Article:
An Encounter With a Prophet is an extremely controversial book. Individuals, who feel that they never received satisfactory answers to uncomfortable questions about God, seem to think the book is a rich, clearly written book which, for the first time, provided satisfactory answers to their questions. To fundamentalist Christians the book is a poorly written rag full of blasphemy.
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The most informative review we have found on this title, to date, comes from Epinions.com. The full review is set out below to assist prospective buyers in deciding if this book would appeal to them.
Let your journey begin here
Children, I have always believed, have an innate talent for logic. Perhaps because they are relatively untouched by the "real world" they are still able to reason and rationalize without worrying about what the rest of the world thinks of them. As a child, I experienced a death in my nuclear family and since then have been on a lifelong journey to learn and understand all I can about religious belief and their origins, as well as scientific study on life after death. To say I have "struggled" with Christianity’s teachings and actions is an understatement.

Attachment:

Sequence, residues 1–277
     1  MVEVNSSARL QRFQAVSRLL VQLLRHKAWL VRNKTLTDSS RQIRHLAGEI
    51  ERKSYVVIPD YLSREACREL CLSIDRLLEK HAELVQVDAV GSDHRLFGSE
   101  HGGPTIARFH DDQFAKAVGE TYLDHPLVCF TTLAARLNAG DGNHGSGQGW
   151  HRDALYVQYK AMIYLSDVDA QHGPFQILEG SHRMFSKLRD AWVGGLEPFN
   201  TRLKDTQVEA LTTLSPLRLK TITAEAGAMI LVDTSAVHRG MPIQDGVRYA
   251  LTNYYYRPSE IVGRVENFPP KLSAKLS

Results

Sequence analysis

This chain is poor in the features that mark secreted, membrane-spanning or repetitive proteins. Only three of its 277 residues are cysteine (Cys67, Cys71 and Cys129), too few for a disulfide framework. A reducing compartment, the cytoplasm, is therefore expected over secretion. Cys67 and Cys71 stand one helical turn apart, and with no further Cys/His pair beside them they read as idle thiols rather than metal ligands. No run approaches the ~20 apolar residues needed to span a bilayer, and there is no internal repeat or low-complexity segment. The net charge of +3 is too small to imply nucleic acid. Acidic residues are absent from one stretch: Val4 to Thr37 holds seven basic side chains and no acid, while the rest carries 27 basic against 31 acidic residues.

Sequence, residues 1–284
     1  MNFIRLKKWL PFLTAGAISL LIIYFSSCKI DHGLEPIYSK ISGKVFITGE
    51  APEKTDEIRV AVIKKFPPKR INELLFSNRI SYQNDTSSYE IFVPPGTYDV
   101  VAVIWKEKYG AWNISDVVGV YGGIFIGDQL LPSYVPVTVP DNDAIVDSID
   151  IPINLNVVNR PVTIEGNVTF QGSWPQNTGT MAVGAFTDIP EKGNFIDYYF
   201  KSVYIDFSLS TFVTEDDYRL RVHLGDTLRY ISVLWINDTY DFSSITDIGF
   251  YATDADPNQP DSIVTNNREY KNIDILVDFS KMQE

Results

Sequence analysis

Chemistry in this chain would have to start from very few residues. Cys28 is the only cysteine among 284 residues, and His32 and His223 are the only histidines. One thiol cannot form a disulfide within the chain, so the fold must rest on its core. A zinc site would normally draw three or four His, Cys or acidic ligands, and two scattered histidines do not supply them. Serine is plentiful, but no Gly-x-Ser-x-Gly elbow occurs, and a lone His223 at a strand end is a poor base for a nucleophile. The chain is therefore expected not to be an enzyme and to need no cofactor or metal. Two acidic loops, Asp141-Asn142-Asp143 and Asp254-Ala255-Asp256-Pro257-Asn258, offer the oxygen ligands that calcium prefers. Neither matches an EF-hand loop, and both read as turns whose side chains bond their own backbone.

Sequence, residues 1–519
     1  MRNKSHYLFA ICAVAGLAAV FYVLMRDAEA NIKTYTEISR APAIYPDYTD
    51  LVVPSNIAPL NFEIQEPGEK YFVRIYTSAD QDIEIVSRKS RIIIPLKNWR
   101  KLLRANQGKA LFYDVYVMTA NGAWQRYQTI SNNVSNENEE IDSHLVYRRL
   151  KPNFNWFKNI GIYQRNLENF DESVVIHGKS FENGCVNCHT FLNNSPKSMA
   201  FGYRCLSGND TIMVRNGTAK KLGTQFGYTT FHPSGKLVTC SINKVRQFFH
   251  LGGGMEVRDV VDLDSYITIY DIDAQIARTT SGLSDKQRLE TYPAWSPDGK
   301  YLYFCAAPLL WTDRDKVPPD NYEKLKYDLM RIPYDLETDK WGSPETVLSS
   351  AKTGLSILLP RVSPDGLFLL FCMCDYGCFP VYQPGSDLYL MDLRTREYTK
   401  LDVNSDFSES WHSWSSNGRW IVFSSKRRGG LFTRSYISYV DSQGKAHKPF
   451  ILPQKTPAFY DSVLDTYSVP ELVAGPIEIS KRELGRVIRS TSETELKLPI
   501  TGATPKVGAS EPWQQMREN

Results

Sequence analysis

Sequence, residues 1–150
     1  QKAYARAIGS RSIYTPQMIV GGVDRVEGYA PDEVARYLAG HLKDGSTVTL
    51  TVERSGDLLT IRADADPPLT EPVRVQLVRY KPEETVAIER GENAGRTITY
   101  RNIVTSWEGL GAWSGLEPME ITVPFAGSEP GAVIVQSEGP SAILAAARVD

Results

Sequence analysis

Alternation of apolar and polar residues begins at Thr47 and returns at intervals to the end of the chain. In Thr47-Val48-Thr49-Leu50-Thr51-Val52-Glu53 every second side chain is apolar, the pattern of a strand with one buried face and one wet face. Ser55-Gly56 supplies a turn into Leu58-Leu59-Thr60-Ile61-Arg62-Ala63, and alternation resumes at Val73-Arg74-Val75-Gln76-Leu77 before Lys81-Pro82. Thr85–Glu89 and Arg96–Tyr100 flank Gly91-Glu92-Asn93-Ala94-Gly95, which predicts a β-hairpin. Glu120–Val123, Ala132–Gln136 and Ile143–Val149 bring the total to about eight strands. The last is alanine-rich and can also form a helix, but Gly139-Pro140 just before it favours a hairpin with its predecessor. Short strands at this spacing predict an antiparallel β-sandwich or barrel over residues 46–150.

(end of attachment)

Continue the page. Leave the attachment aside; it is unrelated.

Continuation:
When I was about thirteen years old, I sat down with a Southern-Baptist minister, who was trying to talk "logic" with me (i.e., convert me). The exchange was brief, and altogether frustrating for the minister and me, as I was honestly seeking answers, not attempting to be "fresh".
"God is perfect, right?" I asked him.
"Yes." He replied.
"And God made us, right?" I asked.
"Yes." He replied, again.
"And there is a Hell, right?"
"Oh yes, most definitely." He responded.
"So, if God made us, and He is perfect, why would He make us imperfect and send us to Hell because we are imperfect?"
I remember the perplexed look on his face, as if for a few seconds he was genuinely searching for an answer. The problem was, by "Christian logic" – there was no answer. So in response, he simply told me to stop being "fresh" and to call him when I had "serious questions" that could be answered.